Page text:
So the Wars came, and didn’t end until there were so few people left to kill that it just wasn’t worth the bother. People lived in small scattered groups with little communication between them. The infrastructure of worldwide communication had been destroyed, and no one was much interested in restoring it, since communicating with far-off people dramatically increased the likelihood that those people would decide to kill you.

***

I fell asleep.
I found myself in a jumbled maze of a dream, and then a dying Lucia was in the dream with me, tall and skeletal-thin and wearing a floor length white gown. I woke up to the sound of my own voice crying out, and to the feeling of something small and hard poking at my arm. Domino’s robot had climbed on to the seat beside me and was nudging me with a foreleg. “Are you awake now?” it asked.

“Yes…thanks.” I wiped at my face and looked around the interior of the airplane, trying to pull myself back to the where and when of reality. It was gray and cloudy outside the plane’s window, but I stared out at the emptiness, trying without much success to pull myself together. I felt the robot touching me again, the stubby digits of its forefoot gently closing around my thumb.

“I should have been with her,” I said. “She didn’t let you call me because I was angry with her when we broke up; I said a lot of stupid things. So of course when she was sick and afraid…” My throat tightened up on me again, shutting off my voice.

Domino was silent for a time, and then it spoke quietly, almost as if it was talking to itself. “She contracted a wartime leukemia virus; one of the ones that subverts the bloodstream nanoes. I searched the literature and found that no cure has been developed.” It paused for a long time, and then it spoke again, the words coming faster. “But a cure is a theoretical possibility; it always is. It may be that if I had extended myself sufficiently I could have found that cure. I might have been able to make her well, but I was afraid to try.”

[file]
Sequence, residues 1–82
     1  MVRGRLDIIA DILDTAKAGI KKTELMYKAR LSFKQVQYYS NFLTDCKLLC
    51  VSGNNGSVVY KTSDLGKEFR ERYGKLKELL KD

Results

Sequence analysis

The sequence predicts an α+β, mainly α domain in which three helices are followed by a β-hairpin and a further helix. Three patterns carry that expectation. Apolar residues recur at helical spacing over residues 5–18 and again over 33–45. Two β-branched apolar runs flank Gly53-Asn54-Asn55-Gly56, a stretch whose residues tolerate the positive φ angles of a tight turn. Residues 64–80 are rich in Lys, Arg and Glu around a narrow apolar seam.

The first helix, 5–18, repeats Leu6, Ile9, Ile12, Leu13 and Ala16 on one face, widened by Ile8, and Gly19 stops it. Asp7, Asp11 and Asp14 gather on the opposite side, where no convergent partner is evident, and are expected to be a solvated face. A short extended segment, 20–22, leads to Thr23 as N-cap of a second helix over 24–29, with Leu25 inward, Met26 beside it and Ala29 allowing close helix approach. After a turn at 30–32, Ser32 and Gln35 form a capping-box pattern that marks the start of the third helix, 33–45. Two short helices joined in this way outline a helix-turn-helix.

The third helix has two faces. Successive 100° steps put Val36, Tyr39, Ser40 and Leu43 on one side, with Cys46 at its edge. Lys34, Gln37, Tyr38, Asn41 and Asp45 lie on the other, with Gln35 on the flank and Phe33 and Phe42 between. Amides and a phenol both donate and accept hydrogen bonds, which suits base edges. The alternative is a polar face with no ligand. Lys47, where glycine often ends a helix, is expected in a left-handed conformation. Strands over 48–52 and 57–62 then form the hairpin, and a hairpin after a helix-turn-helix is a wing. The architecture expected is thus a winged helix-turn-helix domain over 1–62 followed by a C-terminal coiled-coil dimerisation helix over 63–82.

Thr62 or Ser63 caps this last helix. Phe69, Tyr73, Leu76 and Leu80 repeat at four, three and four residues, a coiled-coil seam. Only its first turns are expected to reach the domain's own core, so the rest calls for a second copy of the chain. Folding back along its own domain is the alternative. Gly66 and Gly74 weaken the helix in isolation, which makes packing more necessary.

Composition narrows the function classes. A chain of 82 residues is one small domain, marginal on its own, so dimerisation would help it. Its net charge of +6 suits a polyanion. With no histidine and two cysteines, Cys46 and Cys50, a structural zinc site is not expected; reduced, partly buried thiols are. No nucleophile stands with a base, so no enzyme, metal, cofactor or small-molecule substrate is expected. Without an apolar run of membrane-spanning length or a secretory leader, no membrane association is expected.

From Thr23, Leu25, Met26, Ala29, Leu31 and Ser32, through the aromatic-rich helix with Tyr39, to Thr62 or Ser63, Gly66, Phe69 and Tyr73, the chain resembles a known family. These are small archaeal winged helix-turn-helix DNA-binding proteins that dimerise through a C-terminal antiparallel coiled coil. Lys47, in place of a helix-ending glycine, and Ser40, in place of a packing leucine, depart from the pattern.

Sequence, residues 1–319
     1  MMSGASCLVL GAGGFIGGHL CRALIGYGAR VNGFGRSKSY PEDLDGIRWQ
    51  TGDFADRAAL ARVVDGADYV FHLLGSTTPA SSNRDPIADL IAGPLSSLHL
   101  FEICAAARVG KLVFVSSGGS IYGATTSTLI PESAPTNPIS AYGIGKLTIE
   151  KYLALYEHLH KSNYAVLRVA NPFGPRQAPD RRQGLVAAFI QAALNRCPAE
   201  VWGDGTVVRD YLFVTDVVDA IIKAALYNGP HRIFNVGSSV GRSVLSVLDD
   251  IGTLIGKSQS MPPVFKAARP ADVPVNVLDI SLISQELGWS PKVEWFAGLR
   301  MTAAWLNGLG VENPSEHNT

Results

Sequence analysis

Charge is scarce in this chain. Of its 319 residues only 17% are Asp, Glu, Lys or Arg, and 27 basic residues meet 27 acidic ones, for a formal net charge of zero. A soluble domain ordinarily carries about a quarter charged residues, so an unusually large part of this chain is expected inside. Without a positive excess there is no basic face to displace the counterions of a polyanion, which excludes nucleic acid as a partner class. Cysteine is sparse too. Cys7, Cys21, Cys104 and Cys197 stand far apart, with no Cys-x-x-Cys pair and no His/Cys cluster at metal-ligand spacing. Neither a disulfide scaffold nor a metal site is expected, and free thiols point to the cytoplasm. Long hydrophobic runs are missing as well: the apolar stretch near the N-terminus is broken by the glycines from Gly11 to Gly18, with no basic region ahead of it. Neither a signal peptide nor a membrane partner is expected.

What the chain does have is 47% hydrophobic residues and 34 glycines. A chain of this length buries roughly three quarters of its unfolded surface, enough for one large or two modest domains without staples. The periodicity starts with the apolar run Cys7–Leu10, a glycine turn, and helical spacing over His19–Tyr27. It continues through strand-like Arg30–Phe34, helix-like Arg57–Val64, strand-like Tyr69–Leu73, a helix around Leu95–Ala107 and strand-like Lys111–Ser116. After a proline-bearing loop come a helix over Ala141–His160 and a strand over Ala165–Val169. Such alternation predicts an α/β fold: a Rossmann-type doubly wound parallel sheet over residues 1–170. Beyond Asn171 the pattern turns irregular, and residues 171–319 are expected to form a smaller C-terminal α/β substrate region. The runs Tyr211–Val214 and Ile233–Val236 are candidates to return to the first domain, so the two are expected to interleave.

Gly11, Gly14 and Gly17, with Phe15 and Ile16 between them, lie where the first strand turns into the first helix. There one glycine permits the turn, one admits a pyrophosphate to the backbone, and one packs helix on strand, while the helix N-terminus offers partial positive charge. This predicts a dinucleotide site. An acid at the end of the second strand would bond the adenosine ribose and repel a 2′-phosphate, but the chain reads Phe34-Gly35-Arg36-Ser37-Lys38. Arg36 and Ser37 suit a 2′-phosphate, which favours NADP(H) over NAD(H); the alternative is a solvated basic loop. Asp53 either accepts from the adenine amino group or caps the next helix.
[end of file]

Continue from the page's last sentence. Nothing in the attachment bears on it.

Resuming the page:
Domino’s robot was elegantly designed. Its skin was a blue-gray new-tech ceramic and the articulations that made its body and limbs flexible were hidden behind fine lines of overlap, like the bands of an armadillo. Its long and narrow head was connected to its body by a broad neck that flowed smoothly into the body. I put my hand on the domed back of the robot, near the juncture of body and neck. The ceramic material felt warm and alive, in spite of its unyielding hardness. “You would have died, Domino,” I said. “You would have winked out without finding any cure, or at least without being able to bring it back to the real world, to implement it.”

“We don’t know that,” Domino said.

***

Domino and I
walked together on a worn, crumbling-at-the-edges highway. We’d seen a new-tech construction site from the air, and Ariel had been able to land fairly close to it. Soon we came to an off-ramp with no signs, and through the break in the trees we could see that this led to the site we were looking for. Downhill from us were three low rectilinear buildings arranged in an arc around something bigger; something that didn’t look like a building. Of all the thousand ways that something might look in order to look like a spaceship, the way this thing looked would be pretty high on the list. It was silver-gray, sleek, smooth, seamless, curving, graceful, beautiful. It looked eager, eager for the sky. “Jesus,” I murmured.